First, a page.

By Christopher Phillips, Middle East Eye 3 February 2023
Turkey is undergoing a quiet diplomatic revolution. For much of the last decade, Ankara has weighed in firmly on one side of the various conflicts and disputes in its Middle Eastern neighbourhood.
It supported rebels in Syria, the embattled government in Libya, the overthrown Muslim Brotherhood president in Egypt, and the blockaded regime in Qatar.
As the region became more and more contested, these positions contributed to a sharp decline in Turkey’s relations with other major players, including the UAE, Saudi Arabia and Israel.
Yet, the past year has seen a change of course. Last February, Turkish President Recep Tayyip Erdogan confirmed a detente with the UAE during a visit to Abu Dhabi, while in May, he visited Jeddah to reconcile with Saudi Crown Prince Mohammed bin Salman.
In August, Turkey agreed to restore ties with Israel, four years after severing them over the killing of 60 Palestinians in Jerusalem protests.
Just before the opening ceremony of the World Cup in Qatar, Erdogan shook hands with Egyptian President Abdel Fattah el-Sisi and later said that Ankara could reset relations with Egypt following Turkey’s presidential and parliamentary elections in June.
In December, Turkey also ended its 11-year ostracism of the Syrian regime, when defence ministers met in Moscow, raising the possibility of a permanent thaw in ties.
There are echoes of Ankara’s former policy of “zero problems with neighbours” in the recent regional activity. That policy, devised in the 2000s by Erdogan’s then-foreign minister Ahmet Davutoglu, aimed at improving Turkey’s historically fraught relations with its neighbours to improve Ankara’s regional influence and clout.
It proved highly successful, with Turkey enjoying strong diplomatic, trade and cultural ties by 2010, before Erdogan abandoned neutrality to back certain factions during the upheavals of the 2011 Arab uprisings.
Might the recent reconciliations hint at a revival of this past approach, a “Zero Problems 2.0”?
Turkey is in a very different position today than it was in the 2000s, making it hard to revive Davutoglu’s approach. Back then, Turkey’s economy was booming, and much of its “zero problems” policy was aimed at finding new markets for the flourishing manufacturing and construction sector.
Improved ties with Syria, for example, allowed the flow of Turkish goods overland to entice Gulf markets, while closer ties with northern Iraq saw Turkish companies benefit from the Kurdistan Regional Government’s oil-driven prosperity.
Turkey’s politics similarly had many admirers. Erdogan was held up as a model to emulate, being a democratically elected, moderate Islamist who enjoyed strong ties with the US and EU – whose membership he courted – as well as with the Middle East.
In contrast, Turkey is in a weaker position today. Its economy is struggling after years of poor fiscal decisions by Erdogan and his government, with inflation hitting 85 percent last October.
Erdogan’s democratic credentials have been damaged after cracking down heavily on dissent, opposition groups and freedom of speech in the last decade.
His dreams of joining the EU have long since been abandoned by both Brussels and Ankara, while his ties with the US have similarly frayed, including being ejected from the F35 programme after buying Russian weaponry. In short, Turkey is in a far weaker regional position than in the 2000s.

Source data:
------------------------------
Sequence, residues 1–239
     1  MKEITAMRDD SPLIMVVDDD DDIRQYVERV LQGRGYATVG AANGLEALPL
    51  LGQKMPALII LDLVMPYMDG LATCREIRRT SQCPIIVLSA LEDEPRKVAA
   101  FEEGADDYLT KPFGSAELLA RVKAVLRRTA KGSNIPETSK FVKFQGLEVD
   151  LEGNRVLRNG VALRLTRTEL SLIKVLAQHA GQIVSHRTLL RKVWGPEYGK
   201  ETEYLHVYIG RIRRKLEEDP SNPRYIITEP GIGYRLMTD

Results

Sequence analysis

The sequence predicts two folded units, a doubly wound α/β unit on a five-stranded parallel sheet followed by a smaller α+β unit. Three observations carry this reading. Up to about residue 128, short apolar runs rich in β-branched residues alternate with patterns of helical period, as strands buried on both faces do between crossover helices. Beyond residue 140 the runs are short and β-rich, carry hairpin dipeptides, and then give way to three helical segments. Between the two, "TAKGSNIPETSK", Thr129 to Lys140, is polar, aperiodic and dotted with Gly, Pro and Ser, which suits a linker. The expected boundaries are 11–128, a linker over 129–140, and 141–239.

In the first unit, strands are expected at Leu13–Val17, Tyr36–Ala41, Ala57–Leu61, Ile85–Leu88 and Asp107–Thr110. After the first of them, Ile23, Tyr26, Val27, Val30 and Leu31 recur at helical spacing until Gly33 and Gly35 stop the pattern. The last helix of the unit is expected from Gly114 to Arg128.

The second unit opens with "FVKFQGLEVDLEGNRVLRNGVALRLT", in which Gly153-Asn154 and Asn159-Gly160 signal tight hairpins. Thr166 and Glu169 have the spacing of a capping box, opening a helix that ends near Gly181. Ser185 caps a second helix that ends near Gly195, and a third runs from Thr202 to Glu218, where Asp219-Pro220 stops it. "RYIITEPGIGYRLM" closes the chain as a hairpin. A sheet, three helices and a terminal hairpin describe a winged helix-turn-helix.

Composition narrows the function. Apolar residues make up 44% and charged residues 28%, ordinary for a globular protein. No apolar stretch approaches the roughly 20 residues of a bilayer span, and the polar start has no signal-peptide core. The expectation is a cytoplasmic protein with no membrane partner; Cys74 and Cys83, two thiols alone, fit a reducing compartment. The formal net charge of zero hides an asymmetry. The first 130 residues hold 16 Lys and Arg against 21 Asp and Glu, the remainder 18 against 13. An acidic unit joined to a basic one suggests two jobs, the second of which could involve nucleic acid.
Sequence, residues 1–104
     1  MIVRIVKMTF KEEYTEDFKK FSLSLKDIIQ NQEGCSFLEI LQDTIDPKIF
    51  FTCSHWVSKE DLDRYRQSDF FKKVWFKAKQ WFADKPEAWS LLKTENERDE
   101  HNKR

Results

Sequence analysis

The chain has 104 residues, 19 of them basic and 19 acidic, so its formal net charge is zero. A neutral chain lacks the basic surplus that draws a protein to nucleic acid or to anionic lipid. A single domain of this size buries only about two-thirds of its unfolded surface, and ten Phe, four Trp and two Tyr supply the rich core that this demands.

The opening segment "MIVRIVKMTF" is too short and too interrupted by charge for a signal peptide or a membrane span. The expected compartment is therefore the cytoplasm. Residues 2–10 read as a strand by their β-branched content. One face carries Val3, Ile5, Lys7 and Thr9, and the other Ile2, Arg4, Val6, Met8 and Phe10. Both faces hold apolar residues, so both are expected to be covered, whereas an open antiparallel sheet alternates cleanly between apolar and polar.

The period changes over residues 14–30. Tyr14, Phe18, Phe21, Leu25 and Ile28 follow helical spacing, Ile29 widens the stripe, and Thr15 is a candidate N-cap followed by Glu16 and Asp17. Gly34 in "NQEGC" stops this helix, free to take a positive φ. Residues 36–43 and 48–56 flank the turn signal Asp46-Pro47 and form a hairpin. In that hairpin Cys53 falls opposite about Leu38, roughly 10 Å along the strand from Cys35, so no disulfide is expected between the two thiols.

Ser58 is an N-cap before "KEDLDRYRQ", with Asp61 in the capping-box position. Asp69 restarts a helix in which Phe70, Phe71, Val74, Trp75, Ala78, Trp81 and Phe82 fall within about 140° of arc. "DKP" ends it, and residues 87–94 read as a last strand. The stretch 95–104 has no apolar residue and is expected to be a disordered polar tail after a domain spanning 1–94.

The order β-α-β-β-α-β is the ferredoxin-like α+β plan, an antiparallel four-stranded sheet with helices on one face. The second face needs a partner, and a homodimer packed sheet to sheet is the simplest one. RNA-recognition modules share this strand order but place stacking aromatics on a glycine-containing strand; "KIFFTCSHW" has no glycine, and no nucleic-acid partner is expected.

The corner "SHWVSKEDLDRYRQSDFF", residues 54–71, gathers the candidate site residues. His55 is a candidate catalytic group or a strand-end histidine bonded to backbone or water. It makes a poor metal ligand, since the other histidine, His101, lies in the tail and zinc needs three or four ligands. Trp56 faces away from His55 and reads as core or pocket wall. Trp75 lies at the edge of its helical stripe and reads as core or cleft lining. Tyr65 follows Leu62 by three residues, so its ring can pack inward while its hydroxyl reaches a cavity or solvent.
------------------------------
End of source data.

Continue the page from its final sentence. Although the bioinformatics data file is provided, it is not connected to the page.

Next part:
This weakness is reflected in how few concessions have been granted by Ankara’s regional rivals prior to reconciliation.
Turkey first fell out with the UAE over its support for the Egyptian coup that toppled Erdogan’s Muslim Brotherhood allies in 2013. But Ankara did not demand any kind of shift in the UAE’s Egypt policy or an apology before re-opening ties.
Indeed, Turkey seemed more concerned to secure a much-needed $10bn Emirati investment in its beleaguered economy than righting past wrongs.
Similarly, tensions with Mohammad Bin Salman had heightened over the murder of Saudi dissident Jamal Khashoggi on Turkish soil, but Erdogan proved unable or unwilling to seek concessions on this from the crown prince as a condition for re-engaging.
The same is true with Israel. Tensions with Israel date back to the 2010 Mavi Marmara incident in international waters when Israel attacked a Gaza flotilla, and Erdogan has frequently championed the Palestinian cause. However, no improvement in their treatment was obtained as a condition for restoring ties – if anything, Palestinian rights are worse now than in 2010.
While it remains unclear whether relations with Syria will be normalised, Syrian President Bashar al-Assad is not expected to grant political concessions or apologise for the repression that prompted Ankara to sever relations in 2011. Most analysts believe Erdogan’s primary goal is to repatriate Turkey’s four million Syrian refugees, not squeeze Assad on human rights.
In marked contrast to the 2000s, Erdogan is today seeking reconciliation with his neighbours out of desperation. He is facing a tough campaign for re-election in June and is using diplomacy as a means to bolster his chances.
This might mean securing much-needed investment from the UAE or Saudi Arabia, or mending fences with Syria in the hope they’ll take back unpopular refugees. It seems less of a long-term regional strategy like “zero problems”, and more like a short-term roll of the dice in the hunt for votes.
An Erdogan victory will not likely prompt a return to regional antagonism, but it would be short-sighted to think his recent reconciliations mark the dawn of a new era of Turkish regional neutrality.
Multiple concerns have driven Ankara’s latest detente diplomacy, but it is no “zero problems 2.0”.